Google Maps tells me that if I want to drive to King’s Cross from Cambridge to arrive at 0850 on a Wednesday morning, I should take the M11 and leave Cambridge station at 0610. This despite the fact that the M11 runs, as you described, almost entirely through countryside and has only seven intermediate junctions on the 70 kilometers involved in this route. Further inspection shows that the M11 is expected to be free-flowing until after J6, which needs to be reached by 0700. From there it’s only 29 km to King’s Cross, a distance completed at an eye-watering average of 16 km/h. There will then be nowhere to park. (This route just barely avoids the zone of the Congestion Charge, which is £10 a day.) Admittedly, without the green belt, the intolerable congestion would begin much further out. However, regardless of the green belt, the London built-up area is doing a magnificent job of discouraging auto commutes.

    Of course, the Metropolitan Green Belt is still obsolete. It was instituted as a knee-jerk response to the entire (rural) county of Middlesex being obliterated by low-quality, low-density mass housing in a few short interbellum years, in a time before indoor plumbing was retrofitted and smokeless fuel was mandatory, when the countryside meant clean air and water, and the city meant tuberculosis and coal dust. The apparently insurmountable problems of urban life were kept from spreading further into the countryside, and agricultural land was protected in the era when food scarcity was a credible threat; but the fact that it’s now vaguely sensible to commute from Northamptonshire shows that those problems have only given way to new ones. Food prices are so low that 60% of UK farmers would be bankrupted if EU CAP subsidies were withdrawn; the UK imports a third of its food, and agriculture contributes only 2% of GDP. As the current recession deepens, pressure on London’s obscenely, inhumanely inflated housing market will ease up a little; but the most recent demographic projections still show over two million people moving to London by 2030. It’s not clear where they’re going to live, but my money’s on those delightful garden sheds.

    I for one am very intrigued by the recent finding that the MGB has 20,000 hectares of undeveloped land within 800 metres of an existing railway station. Though this is less than 4% of the overall area of the greenbelt, the report estimated that this would be enough land to build a million homes. We have the technology to build houses that supply zero-carbon net power to the electrical grid with no higher build costs than current standard developments, so if it were up to me, I would be building a million new homes on the MGB and using their electricity surpluses to relieve pressure on the grid, whose margin of safety for reliable generating capacity will be negative this winter. However, across the UK, there is also currently enough land with planning permission for residential development to build 400,000 new homes, and these plots are being kept dormant for speculation by the so-called developers in a pretty clear case of market failure. It would probably be easier to do something with those first.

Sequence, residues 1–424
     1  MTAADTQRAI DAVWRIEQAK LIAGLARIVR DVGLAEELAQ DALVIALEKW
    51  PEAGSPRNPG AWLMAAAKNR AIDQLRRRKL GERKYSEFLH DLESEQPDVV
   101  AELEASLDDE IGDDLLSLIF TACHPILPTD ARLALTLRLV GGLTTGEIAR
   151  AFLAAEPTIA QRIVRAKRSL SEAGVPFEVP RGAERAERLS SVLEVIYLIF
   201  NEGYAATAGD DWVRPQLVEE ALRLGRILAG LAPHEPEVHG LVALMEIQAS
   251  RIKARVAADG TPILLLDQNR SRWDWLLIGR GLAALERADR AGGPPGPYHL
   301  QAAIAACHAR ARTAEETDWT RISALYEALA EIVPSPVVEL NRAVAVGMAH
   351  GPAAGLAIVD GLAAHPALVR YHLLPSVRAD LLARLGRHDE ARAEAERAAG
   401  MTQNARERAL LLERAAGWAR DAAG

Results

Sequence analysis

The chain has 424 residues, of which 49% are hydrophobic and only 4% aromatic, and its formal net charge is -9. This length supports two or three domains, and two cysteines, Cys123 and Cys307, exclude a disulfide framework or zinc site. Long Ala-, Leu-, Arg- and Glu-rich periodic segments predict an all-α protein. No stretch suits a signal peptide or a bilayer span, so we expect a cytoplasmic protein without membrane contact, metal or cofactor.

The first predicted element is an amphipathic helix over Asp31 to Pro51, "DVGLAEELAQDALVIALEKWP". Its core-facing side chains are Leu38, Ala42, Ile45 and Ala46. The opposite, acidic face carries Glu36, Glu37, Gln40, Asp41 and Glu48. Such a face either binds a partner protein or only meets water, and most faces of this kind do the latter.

• Colin V. Parker (@ColinVParker)

      Regarding the undeveloped land near stations, if I’m doing this right, 20,000 hectares is 200 km^2. Taking circles of radius 800 m, that would imply 100 stations with no development within the radius, or 200 stations with half the area developed. Is that really the case or did I mess up the math?

      • MR M CURRIE

        Well it’s all to do with the history of the railways, The larger and busiest stations are all now in the centres of their repsective towns. But when the railways were built the railways only went bothered with the cost of building a line through an urban area if the market was large enough. There a large number of stations in rural areas where the local station might be on the edge of town. Or it is often in the middle of nowhere next to a road connecting several small towns and villages.

        Even today if you train ticket take to station with ROAD/STREET or JUNCTION in the title, there is a good chance you will be a long taxi ride from your destination and I hope someone is picking you up.

        Of course over the years such stations have either been closed due to low patronage or gained later developement around them if they were in commuting distance of a major city.

        Planning is very strict in the UK and most local plans will direct new housing to just a few of the largest towns and is extremely restricted in all small settlements. Rail commuting has expanded massively over the last century and has pushed further and further out as rail speeds have continued to rise to cash on lucrative long distance commuters.

        Many of these small stations these days act as rail heads for the commute into London and are often surrounded by large car park, where people drive to from surrounding villages and towns before commuting to London. Some of these stations are quite large and bust these despite there still being no surrounding development.

        Many of the these stations will often have just half hourly service, but this is good enough for commuting.

    • Alon Levy